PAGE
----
Thursday, February 5, 2009

Domains, Registrars, and Hosts

I had spent several months reading up on domains and how to get them. I was confused by the various entities involved in getting a domain. I only had a vague comprehension of the differences between a domain, a registrar, a host, and a server. It mattered, because each separate entity had its own set of fees ~ and how much might those be? Each process also brought its own new set of technical difficulties. I discovered that a domain name was one thing ~ you could "park" it free (whatever that meant). Page hosting was another thing entirely, and no matter how much I read, it seemed that I couldn't get around having to pay a monthly fee for it. Free advice was everywhere to be found, and some of the tutorials stated that your local ISP might give you a free page. I checked into it. Sure enough, OCS, my local Internet Service Provider, did offer a free personal web page. Since I was already paying them for Internet service and the page was "free," I thought that hosting might be included in the monthly fee I was already paying. If so, I would only have to buy a domain name. OCS didn't have FTP, but buying FTP software would still be cheaper than a monthly hosting fee.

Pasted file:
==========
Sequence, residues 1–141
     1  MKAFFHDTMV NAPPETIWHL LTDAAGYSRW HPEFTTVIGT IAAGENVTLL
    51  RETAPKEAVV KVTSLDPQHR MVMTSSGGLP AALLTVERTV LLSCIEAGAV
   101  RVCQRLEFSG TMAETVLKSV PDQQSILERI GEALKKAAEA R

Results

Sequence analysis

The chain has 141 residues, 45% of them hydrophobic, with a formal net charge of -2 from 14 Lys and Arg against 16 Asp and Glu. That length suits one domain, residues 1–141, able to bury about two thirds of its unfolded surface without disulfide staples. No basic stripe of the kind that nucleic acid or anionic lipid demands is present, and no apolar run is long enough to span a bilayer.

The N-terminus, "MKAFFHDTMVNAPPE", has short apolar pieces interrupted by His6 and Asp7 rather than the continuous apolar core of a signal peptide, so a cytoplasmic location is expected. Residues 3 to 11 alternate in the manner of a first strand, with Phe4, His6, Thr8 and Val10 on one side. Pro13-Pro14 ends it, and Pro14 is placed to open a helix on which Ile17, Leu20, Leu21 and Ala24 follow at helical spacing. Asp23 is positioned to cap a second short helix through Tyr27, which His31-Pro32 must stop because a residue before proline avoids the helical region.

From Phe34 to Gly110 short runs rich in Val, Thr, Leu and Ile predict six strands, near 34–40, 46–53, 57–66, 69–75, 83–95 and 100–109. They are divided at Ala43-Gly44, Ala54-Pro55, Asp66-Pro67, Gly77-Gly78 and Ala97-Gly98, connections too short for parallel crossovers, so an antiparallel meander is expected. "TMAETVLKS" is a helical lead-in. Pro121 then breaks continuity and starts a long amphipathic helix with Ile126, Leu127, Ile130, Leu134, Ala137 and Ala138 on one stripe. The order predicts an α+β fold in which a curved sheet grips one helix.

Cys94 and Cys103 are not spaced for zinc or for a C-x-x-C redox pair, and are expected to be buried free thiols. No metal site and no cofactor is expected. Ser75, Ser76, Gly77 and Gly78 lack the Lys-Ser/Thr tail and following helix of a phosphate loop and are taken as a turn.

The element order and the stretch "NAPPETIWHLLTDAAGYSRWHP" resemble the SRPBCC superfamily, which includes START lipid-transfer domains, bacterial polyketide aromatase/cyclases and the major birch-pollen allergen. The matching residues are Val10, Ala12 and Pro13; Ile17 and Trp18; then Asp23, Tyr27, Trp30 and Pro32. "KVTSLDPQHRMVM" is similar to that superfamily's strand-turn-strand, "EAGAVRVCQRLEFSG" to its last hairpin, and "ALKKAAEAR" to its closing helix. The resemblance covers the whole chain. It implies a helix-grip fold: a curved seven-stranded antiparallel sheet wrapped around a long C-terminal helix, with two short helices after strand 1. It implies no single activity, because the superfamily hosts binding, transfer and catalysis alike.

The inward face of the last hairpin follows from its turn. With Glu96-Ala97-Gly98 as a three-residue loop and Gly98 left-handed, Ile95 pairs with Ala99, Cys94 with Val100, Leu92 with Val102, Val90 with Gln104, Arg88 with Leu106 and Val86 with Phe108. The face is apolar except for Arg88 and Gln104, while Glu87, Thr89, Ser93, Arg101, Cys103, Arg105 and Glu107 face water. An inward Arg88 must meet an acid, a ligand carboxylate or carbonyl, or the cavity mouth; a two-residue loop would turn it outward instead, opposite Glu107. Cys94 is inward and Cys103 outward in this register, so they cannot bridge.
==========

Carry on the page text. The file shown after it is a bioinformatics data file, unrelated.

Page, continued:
At this point, I wasn't even sure that OCS would let me hang a domain name on the free page they gave me. Angelfire advertised that you could turn your free page into a domain at any time ~ for a fee. But what was I buying? The terms were confusing. I knew I'd be paying for space that I now got for free. Oh, Angelfire promised I'd get lots of other cool things that I didn't know I needed ~ wouldn't know what to do with when I got them. But the Angelfire web-shell upgrade had left me in a bind. I could barely log in, much less navigate the new directory. Did I want to pay them for that? I now knew that Angelfire wasn't the only host in town. Cheap hosting was everywhere, for as little as five dollars a month. Nearly all hosts required a one-time set-up fee, ranging from fifteen to seventy dollars. I could manage a one-time flat fee. Registering a domain name would cost about ten dollars. Once you had a domain name, you had to "park" it apparently. I wasn't sure what "parking" entailed. Was it free parking, or would I have to put a quarter in the meter ever few hours? (I thought I knew the answer to that!) What was the difference between registering and parking anyhow?

Transition: Bugbones to Southern Muse.